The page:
A celebration of migrant arts will be on full display at the Roundhouse Exhibition Hall in Vancouver from July 8 to July 12.
Fixated on the synergy between the poetry of Lakshmi Gill and the art of Lenore R.S. Lim, Scattering & Gathering promises to be an illustration of the creativity and talent of migrant Filipinos in Canada.
The exhibit, which shares its title with Gill’s collection of poem, will also feature the works of Filipino artists Danvic Briones, Chito Maravilla and Esmie Gayo McLaren. Also included are poets Maria Castillo and Wilbur Victoria, as well as photographers Stuart Naval Dee and Art Calapatia. Curated by graphic designer Jing Palad, Scattering & Gathering will have its opening launch on July 8 from 2 p.m. to 5 p.m.
According to McLaren, the inception of the exhibit started with a book idea. Gill and Lim had considered amalgamating their works into a book, which eventually manifested itself as an exhibit proposal for the Roundhouse Hall.
As the theme of Filipino Migration suggests, both Gill and Lim – and the rest of the artists involved – have had their wealth of experiences as immigrants amidst the Filipino diaspora.
The focus on migration also presents a topic that is apropos to the ongoing issues south of the border, and the rest of the world. “Now, more than ever, migration is shaping countries and cultures worldwide,” McLaren shared in an exclusive interview with Canadian Filipino Net. “Scattering & Gathering is an artistic collaboration that showcases the feelings and sensibilities surrounding the artists’ own stories of migration. It encourages conversation and discussion about the topic and the attendees’ own migration stories.”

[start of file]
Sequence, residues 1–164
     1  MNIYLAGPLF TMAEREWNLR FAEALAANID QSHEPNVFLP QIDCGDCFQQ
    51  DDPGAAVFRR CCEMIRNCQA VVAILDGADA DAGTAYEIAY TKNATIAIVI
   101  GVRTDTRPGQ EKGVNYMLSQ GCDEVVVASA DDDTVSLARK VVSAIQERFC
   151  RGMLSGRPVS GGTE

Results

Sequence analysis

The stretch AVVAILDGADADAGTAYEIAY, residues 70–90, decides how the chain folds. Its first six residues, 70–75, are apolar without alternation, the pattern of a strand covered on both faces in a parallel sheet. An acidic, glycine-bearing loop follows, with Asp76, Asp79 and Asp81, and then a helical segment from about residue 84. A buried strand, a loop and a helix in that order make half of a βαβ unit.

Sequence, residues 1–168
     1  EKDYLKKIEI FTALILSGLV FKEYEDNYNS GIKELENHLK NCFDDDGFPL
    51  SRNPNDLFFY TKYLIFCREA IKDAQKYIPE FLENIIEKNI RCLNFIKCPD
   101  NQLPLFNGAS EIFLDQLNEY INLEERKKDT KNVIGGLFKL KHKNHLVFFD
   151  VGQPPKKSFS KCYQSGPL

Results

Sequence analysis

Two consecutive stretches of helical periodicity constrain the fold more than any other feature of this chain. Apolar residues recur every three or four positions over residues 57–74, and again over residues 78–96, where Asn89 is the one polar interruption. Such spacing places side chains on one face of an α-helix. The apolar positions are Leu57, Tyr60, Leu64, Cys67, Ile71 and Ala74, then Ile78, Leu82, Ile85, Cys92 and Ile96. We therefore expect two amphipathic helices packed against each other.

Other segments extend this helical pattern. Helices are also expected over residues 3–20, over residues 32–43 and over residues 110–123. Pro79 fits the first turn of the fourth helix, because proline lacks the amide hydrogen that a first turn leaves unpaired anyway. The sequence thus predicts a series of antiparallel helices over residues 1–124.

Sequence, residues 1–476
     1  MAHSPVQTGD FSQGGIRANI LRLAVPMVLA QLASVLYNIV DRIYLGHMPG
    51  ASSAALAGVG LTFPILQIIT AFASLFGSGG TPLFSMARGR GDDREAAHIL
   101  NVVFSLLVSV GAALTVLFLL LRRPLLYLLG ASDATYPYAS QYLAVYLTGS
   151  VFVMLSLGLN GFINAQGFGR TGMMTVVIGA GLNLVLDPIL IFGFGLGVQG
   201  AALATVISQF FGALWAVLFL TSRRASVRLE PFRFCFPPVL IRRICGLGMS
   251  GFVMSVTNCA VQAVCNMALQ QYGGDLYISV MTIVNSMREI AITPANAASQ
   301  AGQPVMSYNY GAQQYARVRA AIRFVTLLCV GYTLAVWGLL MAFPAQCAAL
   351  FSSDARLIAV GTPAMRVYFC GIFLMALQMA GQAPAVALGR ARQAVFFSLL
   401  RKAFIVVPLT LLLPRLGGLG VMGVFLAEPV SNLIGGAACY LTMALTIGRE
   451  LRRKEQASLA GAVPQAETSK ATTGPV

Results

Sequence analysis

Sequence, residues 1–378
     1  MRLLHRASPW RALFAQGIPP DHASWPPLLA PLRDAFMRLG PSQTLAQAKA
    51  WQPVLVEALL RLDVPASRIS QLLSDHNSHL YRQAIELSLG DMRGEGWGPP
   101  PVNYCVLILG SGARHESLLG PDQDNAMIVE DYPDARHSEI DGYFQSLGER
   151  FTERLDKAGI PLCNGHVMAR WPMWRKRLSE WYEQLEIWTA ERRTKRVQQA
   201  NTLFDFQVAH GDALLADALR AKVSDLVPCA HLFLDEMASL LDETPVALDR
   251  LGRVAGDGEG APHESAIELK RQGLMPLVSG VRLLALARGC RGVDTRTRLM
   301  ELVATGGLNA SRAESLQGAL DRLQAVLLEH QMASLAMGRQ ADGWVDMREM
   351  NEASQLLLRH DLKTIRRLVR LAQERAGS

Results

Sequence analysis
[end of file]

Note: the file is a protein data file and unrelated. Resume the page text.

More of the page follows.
The works of the two pillar artists display as much. Gill’s words are known for her observant takes and critiques regarding her experiences not only as an immigrant, but also as a multi-ethnic individual. On the other hand, Lim’s work is a combination of her passion and love for her Filipino heritage with the artistic philosophies and technicalities she learned abroad.
As part of the exhibit, McLaren will be showcasing some of her endeavours in printmaking. “They are watercolour monoprints on canvas, landscapes that illustrate the backdrop of thoughts and emotions of a 12-year-old girl, a new immigrant to Canada,” said McLaren, referring to her own migrant experience. “I chose to write my artist statement for both pieces in a poetic format to continue the spirit of this exhibition of poems and prints.”
While Scattering & Gathering aims to shed light on the stories and talents of migrant Filipino artists, the hope for how it might resonate to others might be even greater. “I hope other aspiring artists will be inspired by Scattering & Gathering exhibit,” said McLaren. “We must strive to achieve our dreams, but above all, we must dream because the dream is the star that would light and guide us on our life’s journey.”
To further emphasize the significance of the exhibit, McLaren cited the words of Gill herself: “I am grateful for the timing of this exhibit in light of the current state of asylum seekers in America. It celebrates the historical significance of Canada, an immigrant country. Thank you all for this collaboration.”
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